Allow yourself to feel uncertain. You will never know everything. You will feel less certain and occasionally fearful in uncharted waters. Is the injury beyond repair, will the bleeding never stop, will the Mets win again? Learn to say, “I’m sorry. I’m sorry you are in pain. I’m sorry you are dying. I’m sorry I couldn’t do more.” Forgive yourself for being imperfect because you will make many mistakes. It is arrogant to believe that you can save every patient so learn to say goodbye and when appropriate just get out of the way. It helps me to believe that there is a higher power to assist every patient at the end of their journey.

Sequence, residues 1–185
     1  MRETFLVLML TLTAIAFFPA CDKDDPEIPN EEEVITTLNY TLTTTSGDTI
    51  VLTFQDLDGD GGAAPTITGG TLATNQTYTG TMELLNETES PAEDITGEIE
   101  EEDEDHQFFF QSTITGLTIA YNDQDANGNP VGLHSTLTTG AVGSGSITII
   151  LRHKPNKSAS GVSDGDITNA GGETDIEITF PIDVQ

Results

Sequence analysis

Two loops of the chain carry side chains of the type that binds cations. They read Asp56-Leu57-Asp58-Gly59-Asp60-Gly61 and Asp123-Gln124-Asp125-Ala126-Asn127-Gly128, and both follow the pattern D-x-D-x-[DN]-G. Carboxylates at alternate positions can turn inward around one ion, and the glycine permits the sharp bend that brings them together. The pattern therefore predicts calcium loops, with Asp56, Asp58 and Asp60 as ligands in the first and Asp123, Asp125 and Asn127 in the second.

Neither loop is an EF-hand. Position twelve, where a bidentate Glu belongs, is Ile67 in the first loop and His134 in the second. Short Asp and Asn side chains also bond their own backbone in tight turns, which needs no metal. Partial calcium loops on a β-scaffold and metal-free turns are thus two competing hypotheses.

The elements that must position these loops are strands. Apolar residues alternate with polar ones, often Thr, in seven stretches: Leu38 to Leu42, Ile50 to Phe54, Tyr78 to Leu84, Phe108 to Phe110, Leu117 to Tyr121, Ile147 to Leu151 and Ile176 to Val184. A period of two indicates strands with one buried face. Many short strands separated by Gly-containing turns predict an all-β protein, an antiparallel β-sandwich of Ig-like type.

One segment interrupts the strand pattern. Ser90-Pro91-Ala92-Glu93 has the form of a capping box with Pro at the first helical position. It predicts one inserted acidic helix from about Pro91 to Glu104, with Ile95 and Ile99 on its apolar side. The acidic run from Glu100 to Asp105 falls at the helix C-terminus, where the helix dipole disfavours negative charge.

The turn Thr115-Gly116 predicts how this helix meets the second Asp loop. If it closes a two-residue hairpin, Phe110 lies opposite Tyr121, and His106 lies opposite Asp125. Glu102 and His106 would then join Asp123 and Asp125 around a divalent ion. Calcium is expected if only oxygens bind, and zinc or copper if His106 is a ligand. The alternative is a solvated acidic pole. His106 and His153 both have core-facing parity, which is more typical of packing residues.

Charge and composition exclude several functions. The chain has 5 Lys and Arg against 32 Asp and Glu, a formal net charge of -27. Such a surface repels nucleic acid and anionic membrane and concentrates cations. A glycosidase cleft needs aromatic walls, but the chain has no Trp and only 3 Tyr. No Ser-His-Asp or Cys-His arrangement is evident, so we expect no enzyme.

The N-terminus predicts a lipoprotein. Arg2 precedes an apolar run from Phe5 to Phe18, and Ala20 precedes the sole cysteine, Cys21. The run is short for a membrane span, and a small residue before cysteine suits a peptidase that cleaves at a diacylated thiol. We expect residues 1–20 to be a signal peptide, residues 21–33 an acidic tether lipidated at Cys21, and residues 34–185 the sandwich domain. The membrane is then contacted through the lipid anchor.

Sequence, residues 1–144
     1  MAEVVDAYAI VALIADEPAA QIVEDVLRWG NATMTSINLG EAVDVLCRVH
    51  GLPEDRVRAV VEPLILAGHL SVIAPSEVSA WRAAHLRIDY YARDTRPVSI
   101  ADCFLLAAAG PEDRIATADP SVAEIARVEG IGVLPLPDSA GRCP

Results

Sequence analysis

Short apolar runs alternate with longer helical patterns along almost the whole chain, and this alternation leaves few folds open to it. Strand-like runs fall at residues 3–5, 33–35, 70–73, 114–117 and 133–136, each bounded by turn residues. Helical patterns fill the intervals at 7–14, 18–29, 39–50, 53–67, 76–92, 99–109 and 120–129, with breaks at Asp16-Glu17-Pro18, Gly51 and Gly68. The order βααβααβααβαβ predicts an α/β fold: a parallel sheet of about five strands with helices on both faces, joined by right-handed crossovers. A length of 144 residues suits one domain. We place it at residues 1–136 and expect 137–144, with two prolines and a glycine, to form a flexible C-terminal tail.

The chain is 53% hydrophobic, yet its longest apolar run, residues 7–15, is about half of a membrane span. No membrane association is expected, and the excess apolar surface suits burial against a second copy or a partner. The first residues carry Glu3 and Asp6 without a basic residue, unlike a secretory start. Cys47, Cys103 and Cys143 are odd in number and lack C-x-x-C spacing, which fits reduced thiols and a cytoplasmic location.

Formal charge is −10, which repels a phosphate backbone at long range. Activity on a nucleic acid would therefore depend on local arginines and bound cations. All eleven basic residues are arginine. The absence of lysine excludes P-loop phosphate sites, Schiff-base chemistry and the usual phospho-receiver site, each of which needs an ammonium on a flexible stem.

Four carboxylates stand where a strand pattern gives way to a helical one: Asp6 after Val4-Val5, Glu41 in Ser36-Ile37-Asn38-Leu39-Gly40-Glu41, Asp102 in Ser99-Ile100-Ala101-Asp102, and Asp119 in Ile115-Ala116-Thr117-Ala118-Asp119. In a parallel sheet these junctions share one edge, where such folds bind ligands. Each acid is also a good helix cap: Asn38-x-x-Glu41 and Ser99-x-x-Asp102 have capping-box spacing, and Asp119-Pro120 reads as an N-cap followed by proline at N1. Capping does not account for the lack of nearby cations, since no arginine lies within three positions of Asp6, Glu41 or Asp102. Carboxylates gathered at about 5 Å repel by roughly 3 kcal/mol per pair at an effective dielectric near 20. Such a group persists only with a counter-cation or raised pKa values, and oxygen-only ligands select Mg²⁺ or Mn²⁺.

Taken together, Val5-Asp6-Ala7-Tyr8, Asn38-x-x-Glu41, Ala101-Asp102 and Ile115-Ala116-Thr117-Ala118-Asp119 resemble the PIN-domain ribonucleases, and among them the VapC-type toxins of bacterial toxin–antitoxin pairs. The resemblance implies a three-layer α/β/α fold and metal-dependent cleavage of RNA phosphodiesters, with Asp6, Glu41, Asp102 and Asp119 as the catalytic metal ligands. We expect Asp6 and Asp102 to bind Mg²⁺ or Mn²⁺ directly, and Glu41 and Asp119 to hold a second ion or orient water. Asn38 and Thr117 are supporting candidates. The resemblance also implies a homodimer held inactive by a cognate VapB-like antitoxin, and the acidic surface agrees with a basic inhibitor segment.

Learn to hesitate occasionally. Surgery is not always the best course of treatment. Do you need to change course, adjust your sail, or rethink the surgical plan? Don’t be afraid to question the dogma of surgical certainty; question the technique, the equipment, the motivation, and the efficacy of the old and the new.

You have been given the power and burden of the scalpel. Wield it with wisdom. Stay centered and focused. I once wrote to you, “All first year students start out as a shiny piece of new glass, none of us knowing what will be left of us at the end of our training. I wonder if you will become a weathered, beautiful piece of sea glass or will nothing but sand remain of the original glass that is you.” You have kept your clear center despite the torrent of medical education so don’t let your surgical training take that away from you. Stay true to your ideals and teach your colleagues how to be exceptional helmsmen. Be an outstanding mentor and pass on the scalpel when the time comes with envy and pride.

11 responses to “A Chance To Cut, A Letter To My Son